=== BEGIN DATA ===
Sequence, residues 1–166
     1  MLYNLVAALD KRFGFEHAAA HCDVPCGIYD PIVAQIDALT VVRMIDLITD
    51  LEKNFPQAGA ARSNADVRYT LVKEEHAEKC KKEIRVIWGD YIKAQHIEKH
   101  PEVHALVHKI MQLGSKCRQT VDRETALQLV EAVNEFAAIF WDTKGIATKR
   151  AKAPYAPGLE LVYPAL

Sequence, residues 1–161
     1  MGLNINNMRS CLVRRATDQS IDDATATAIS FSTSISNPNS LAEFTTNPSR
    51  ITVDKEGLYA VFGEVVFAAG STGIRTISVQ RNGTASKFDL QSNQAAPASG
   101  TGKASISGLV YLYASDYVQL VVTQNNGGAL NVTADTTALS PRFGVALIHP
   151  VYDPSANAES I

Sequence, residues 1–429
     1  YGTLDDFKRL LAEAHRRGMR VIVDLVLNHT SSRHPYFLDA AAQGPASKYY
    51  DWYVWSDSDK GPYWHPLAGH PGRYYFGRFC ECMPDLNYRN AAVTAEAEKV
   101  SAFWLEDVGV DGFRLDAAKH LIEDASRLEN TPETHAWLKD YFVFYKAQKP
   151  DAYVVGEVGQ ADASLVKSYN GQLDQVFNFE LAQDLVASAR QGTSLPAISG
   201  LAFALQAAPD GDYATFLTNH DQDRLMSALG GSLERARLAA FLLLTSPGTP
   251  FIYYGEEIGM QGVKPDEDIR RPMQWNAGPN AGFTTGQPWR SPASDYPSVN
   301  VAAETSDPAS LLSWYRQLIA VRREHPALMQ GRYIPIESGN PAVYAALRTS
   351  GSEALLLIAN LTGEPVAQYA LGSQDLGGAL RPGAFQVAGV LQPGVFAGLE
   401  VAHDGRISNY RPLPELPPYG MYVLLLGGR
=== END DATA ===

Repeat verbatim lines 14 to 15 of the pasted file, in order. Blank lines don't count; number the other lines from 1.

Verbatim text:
   101  SAFWLEDVGV DGFRLDAAKH LIEDASRLEN TPETHAWLKD YFVFYKAQKP
   151  DAYVVGEVGQ ADASLVKSYN GQLDQVFNFE LAQDLVASAR QGTSLPAISG